Barclay Elementary School is an urban public school that against the odds is turning out students testing above and well above national levels, and whose scores are even beginning to compare with those of private school students. What became known as “Barclay-Calvert” started out as an experiment and then became a cause. It is now an idea whose time has come.
Four years ago The Abell Foundation provided approximately $400,000 to support a collaboration between the highly regarded (and private) Calvert School and Baltimore City’s struggling Barclay Elementary School. Calvert brought to the program its teaching methods, teacher training, curriculum coordination, and a curriculum that stresses mastery of the basics.
A fourth-year evaluation of the program, prepared by Sam Stringfield, Ph.D., Principal Research Scientist, Center for the Social Organization of Schools, Johns Hopkins University, has recently been released. Here are only some of the findings — and all of them are promising:
“In summary, the Barclay Calvert students have made academic gains far above those achieved by the preceding Barclay-Calvert students. The gains have come on two separate norm-referenced tests in the areas of reading, language arts/writing, and math. The differences are education ally and statistically significant, and often dramatic. These achievement differences were found in spite of the fact that the two groups of students are from the same community and often from the same families.”
In his report, “Fourth Year Evaluation of the Calvert School Program at Barclay School,” Dr. Stringfield writes that, taken collectively, the progress of achievement at Barclay Calvert “indicates a very successful school improvement project.” He then addresses the question, “What factors have contributed to this unusual level of success?”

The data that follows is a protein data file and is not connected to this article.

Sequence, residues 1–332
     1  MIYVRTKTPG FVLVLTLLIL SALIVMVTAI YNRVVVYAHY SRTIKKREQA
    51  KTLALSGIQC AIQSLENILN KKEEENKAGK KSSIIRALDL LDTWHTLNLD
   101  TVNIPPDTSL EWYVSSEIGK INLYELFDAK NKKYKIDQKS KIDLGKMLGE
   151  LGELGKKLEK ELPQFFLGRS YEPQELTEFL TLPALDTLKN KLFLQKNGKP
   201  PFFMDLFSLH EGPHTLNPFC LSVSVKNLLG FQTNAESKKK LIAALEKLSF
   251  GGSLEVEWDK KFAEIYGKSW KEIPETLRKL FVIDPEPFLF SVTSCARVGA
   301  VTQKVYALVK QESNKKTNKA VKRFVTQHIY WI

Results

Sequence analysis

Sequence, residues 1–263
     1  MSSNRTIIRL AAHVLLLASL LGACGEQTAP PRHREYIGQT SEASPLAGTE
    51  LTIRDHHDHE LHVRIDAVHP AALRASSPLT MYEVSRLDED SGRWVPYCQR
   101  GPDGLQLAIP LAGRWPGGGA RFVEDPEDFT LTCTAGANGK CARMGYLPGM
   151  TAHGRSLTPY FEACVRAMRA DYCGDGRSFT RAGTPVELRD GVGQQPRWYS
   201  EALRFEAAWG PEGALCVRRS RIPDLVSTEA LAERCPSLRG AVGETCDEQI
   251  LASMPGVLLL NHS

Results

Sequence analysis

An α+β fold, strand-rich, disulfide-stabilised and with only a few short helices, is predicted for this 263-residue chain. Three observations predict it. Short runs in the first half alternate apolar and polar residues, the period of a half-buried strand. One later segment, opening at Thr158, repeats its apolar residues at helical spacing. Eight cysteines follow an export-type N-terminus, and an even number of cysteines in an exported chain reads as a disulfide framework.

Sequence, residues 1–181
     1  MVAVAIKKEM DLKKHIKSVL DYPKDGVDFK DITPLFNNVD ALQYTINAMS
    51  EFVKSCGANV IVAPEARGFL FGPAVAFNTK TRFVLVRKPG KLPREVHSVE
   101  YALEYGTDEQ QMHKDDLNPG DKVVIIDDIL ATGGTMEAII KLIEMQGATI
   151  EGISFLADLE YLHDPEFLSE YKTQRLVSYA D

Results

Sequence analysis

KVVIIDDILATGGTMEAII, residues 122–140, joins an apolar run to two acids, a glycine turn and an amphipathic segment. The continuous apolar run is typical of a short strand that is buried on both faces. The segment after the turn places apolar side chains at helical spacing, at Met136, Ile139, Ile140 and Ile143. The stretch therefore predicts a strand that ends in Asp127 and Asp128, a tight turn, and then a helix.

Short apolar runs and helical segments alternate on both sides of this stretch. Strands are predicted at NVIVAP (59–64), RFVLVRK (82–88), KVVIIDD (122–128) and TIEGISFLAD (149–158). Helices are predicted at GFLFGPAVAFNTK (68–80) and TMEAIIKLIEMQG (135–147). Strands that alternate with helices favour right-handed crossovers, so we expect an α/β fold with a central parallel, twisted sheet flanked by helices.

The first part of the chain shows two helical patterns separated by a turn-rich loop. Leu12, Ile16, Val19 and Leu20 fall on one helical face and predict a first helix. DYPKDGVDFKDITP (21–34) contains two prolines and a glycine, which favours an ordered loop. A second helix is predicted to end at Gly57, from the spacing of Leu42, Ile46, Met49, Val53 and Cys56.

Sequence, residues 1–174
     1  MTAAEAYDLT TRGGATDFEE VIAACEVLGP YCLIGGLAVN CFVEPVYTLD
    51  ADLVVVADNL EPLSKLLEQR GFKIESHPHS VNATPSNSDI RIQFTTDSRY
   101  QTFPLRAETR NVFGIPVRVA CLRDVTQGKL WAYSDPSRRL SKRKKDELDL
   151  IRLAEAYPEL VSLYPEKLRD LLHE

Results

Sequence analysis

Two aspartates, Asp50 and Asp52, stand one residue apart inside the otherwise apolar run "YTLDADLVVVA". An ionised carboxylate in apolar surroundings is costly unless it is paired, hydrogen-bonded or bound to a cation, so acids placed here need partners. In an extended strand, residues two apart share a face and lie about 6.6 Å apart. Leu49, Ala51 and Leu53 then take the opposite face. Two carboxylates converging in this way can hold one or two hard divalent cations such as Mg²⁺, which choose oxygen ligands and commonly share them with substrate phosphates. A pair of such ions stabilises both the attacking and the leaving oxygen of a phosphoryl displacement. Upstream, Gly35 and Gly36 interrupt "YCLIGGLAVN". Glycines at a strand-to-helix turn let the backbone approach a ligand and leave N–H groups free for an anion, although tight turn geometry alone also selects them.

His conclusions: “Part of the explanation must lie in the more demanding curriculum, the greater content coverage, the integration of content, the increase in writing requirements, the insistence on students’ reworking projects until they achieve 100 percent correct products, and the consistency of instruction.” He added that the Calvert program “steadfastly clings to proven basics — they avoid going for the latest thing — and uncompromising standards.”
And if, as is surely the case, the program is successful for the children at Barclay-Calvert, then, Baltimore City School Superintendent Dr. Walter Amprey suggests, “The real value of the program is that it shows what is possible for the children of Baltimore City — not just for Barclay, but for more than 100,000 children in the Baltimore City schools.”